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A dream deferred

Forty years after postponing his agricultural aspirations, Wayne McCreight, with the help of farm manager A.B. Wilhite, is living his true passion
Story and photos by Sarah Geyer 6/28/2018


Benwoody Farm owner Wayne McCreight, right, and his farm manager, A.B. Wilhite, stand on the first project completed by the successful businessman, a landing strip for his airplane. A hangar was the second project, followed by the construction of a home, pictured on the far right, for Wayne and Diane, his wife.
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One of Wayne McCreight’s favorite sayings is “when it fits, it fits.”

In the early 1970s, that mantra led to the West Tennessee native becoming an entrepreneur instead of a farmer.

Twenty years later, that deferred dream of farming became a reality for the successful businessman when an opportunity to purchase some Dresden farmland proved to be the right “fit.” Today, that land is part of 800-acre Benwoody Farm, which provides both the owner and his farm manager a place to pursue their passion for agriculture.

Wayne grew up on a modest farm in Shelby County, where his family raised cotton, soybeans, beef cattle, and hogs. He says even as a child, he knew he wanted to be a farmer, and that desire continued to develop in his teenage years while working with his calves and participating in his high school’s FFA program.

When he enrolled at the University of Tennessee at Martin, his plan was to major in agriculture then return to his hometown and follow in his father’s footsteps. However, as Memphis’s urban sprawl began to rapidly expand, Shelby County was transitioning from farming country to suburbs.

“I loved farming and that’s what I really wanted to do,” he says. “But it was apparent that I wasn’t going to be able to come back and farm full-time in Shelby County.”

In 1971, with a college degree in physical education and a new wife, Diane, his college sweetheart, Wayne says his main goal was to find a way to provide for his new family. Instead of resenting the expanding industrialization surrounding Memphis, Wayne saw an opportunity to start his own business, Hamilton-Ryker, a staffing services company based in Martin. Today, the company focuses on three facets: commercial staffing, information technology, and software integration.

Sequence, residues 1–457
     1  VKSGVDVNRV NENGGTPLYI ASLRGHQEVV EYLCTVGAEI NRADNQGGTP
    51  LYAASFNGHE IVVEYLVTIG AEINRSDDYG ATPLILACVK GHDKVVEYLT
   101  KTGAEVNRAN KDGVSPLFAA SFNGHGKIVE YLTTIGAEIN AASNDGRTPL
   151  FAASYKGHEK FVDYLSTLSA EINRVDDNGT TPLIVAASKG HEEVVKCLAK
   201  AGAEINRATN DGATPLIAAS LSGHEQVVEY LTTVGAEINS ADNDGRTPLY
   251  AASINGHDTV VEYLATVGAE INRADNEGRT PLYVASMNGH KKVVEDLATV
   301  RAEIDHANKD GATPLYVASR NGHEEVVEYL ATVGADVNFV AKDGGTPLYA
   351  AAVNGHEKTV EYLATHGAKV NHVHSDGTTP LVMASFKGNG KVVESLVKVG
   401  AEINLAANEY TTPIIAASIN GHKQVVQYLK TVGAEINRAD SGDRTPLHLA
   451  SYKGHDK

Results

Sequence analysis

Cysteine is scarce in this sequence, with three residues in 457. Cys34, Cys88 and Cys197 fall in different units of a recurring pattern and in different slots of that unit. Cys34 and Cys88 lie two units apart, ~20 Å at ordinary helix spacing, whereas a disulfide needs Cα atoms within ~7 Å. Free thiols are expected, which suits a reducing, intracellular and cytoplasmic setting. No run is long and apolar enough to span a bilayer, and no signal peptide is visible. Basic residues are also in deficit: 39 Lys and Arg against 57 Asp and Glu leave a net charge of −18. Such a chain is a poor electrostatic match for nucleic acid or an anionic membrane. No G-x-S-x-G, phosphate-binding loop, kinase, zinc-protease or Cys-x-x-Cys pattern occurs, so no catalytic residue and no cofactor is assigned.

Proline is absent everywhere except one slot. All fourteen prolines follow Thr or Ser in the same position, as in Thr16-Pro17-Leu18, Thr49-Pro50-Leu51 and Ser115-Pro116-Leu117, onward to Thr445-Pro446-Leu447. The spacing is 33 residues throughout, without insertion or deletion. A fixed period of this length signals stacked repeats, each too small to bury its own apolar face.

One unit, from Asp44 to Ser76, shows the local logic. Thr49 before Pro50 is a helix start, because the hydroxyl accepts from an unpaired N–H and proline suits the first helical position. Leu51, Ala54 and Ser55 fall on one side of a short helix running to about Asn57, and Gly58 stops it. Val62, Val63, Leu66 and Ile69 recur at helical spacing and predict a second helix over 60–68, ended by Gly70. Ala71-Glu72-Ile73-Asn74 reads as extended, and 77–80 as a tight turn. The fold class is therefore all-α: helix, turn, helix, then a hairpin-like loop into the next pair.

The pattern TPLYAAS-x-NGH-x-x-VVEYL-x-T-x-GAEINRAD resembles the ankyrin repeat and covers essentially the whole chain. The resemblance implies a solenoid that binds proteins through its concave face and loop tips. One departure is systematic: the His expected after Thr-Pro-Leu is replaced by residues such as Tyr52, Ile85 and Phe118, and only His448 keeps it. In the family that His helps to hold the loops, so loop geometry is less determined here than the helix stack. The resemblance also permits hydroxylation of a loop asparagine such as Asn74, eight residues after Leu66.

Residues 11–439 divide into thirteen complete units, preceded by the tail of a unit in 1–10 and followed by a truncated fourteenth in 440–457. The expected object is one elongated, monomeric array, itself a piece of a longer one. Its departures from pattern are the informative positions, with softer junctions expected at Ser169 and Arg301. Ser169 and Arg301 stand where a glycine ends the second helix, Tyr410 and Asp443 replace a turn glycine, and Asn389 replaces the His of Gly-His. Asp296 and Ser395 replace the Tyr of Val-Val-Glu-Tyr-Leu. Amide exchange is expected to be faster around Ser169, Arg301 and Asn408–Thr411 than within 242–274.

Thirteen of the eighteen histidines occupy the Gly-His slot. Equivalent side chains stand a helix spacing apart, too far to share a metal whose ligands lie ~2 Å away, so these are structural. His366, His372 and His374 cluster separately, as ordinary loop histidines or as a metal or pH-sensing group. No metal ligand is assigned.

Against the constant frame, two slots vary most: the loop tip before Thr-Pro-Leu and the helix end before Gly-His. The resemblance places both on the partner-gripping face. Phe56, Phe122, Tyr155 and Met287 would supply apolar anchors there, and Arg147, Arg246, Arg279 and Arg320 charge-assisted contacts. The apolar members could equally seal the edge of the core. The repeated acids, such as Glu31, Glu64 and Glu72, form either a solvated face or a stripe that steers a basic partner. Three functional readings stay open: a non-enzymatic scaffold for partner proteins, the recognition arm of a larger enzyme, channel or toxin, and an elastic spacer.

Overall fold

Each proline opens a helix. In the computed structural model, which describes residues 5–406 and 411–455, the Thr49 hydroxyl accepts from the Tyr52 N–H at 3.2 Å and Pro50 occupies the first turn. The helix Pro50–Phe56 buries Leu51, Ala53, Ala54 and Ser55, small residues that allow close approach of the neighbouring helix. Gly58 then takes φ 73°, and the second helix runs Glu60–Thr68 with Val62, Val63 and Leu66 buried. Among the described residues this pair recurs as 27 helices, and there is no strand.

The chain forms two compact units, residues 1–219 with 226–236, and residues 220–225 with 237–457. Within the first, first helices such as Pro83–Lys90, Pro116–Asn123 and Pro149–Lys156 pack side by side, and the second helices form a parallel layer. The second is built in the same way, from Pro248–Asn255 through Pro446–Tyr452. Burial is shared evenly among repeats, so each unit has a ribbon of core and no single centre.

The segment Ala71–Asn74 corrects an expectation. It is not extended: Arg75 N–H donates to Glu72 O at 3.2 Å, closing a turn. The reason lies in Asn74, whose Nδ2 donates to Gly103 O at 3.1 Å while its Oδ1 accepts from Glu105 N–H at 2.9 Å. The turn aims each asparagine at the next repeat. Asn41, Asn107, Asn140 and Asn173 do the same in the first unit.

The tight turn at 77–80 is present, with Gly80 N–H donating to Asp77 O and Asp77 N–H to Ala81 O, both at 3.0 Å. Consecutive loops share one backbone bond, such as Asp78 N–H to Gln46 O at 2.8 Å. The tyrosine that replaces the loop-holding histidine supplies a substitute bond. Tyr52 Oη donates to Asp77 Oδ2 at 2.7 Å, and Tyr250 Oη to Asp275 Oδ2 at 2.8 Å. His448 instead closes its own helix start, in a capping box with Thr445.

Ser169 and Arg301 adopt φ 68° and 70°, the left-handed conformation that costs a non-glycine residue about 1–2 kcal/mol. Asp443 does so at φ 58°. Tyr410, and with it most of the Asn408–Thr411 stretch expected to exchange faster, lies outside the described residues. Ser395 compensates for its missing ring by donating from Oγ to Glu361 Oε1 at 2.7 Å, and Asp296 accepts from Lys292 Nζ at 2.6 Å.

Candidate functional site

“I had an idea and thought I could make it work,” he explains. “It fit with the growth happening in our area and the timing was right.”

The McCreights settled in Dresden, where Diane’s parents relocated after retiring from the Air Force. Wayne committed the next two decades to growing his business while Diane worked as an educator, and together they raised two sons: Kelly and Scot.

“Early on in our marriage, I told Diane that at some point I’d like to own a farm,” he says. “I told her, ‘When it fits, we’ll know it.’”

When Wayne received a phone call in the summer of 1993 from a friend in the real estate business, the couple knew the timing was right.

“He said he had something he wanted me to look at — a piece of farmland right down the road from us,” he says. “It needed a lot of cleaning off before we could develop anything on it, but I could immediately see its potential.”

Wayne spent the next two years clearing the land for the avid pilot’s first project, a landing strip. The next year he added a hanger. By 1999, the couple’s farm included a newly built home, a large pond, a fenced pasture, row crops, and two bred cows.